Anaphylaxis: Causes, Symtoms and Treatment


Anaphylaxis, also known as an acute systemic hypersensitivity reaction, is a condition where a person severely reacts to allergies either in food, insect stings, medication or seasonal allergies, leading to a severe drop in blood pressure, cardiac arrest, and if not treated immediately, death. It has existed for thousands of years, but was named and recognized by researchers Richet and Porter. Anaphylaxis kills less than 1,000 people each year. 17 out of every 100 people are considered “at risk” for Anaphylaxis. It is not very frequent.

Anaphylaxis is caused by a severe reaction to an allergen. During anaphylaxis, the allergen triggers the release of histamines, prostaglandins, and leukotrienes from Mast Cells, cells that contain those chemicals. The chemicals cause a drop in blood pressure. Also, the chemicals cause the body’s airways to swell, and the smooth muscle in your blood vessels to dilate. This leads to difficulty breathing.

Getting regular allergy checkups and allergy shots can prevent anaphylaxis. Like a vaccine, allergy shots contain a small amount of the allergen, enough where the body’s antibodies can fight it off. This makes the body more immune to the allergy.

A person with anaphylaxis will have to change many things with their lifestyle. One is that they will need to see the ingredients of the food they eat, before they eat it, if anaphylaxis is caused by a food allergy. Also, the person will need to see a doctor and an allergist for checkups more often than usual. A person with anaphylaxis also will need to keep track of the pollen count outside, if the person’s anaphylaxis is triggered by seasonal allergies. Anaphylaxis patients need to change their lifestyles a lot when they are diagnosed with the disease.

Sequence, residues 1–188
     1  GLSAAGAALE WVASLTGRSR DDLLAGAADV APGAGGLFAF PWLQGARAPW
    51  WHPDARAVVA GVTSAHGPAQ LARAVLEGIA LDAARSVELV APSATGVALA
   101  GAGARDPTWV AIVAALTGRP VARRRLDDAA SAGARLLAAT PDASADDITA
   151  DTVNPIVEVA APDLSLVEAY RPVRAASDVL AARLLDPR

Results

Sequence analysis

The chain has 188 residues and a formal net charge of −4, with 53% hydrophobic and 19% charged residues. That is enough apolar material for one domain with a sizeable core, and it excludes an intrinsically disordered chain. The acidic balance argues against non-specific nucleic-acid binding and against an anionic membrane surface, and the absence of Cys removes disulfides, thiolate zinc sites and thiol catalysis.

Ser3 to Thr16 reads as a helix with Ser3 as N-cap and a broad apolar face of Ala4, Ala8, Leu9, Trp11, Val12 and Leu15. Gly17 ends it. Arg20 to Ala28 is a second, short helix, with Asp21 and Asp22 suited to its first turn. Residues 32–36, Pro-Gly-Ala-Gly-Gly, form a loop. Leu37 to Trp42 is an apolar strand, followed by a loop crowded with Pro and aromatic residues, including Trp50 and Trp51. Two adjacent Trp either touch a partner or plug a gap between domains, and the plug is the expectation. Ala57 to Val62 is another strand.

Symptoms of anaphylaxis include a flushed appearance, diarrhea, hives, difficulty breathing, low blood pressure, swelling of the lips, face, neck and throat, vomiting, and itching. If you experience, or you see someone experiencing these symptoms, call 911 immediately.

If not treated within a few minutes, a patient experiencing anaphylaxis may die. Anaphylaxis patients will need to be transported to the hospital by ambulance, but if the person is experiencing a severe case of anaphylaxis, or in anaphylactic shock, the person may need to be transported by a medical helicopter to the hospital.

At the hospital, the patient will receive a drug called Epinephrine, also known as adrenaline. The epinephrine causes the body’s processes to stimulate, opens the body’s airways, and helps the body fight off histamine and the other chemicals that cause Anaphylaxis.

Some people may carry a tool called and Epi-Pen, which is a preloaded syringe full of epinephrine. The syringe can be used by trained people, and is very easy to use. To use the Epi-Pen, a user must pull off the gray cap on the top of the syringe, and strike the person in the fatty area of their leg with the bottom. The spring-loaded needle of the syringe then comes out of the bottom of the Epi-Pen, injecting epinephrine into the person’s body.

In America, 16.8% are “at-risk”, or 50,400,000 people. The total U.S population is approximately 300,000,000.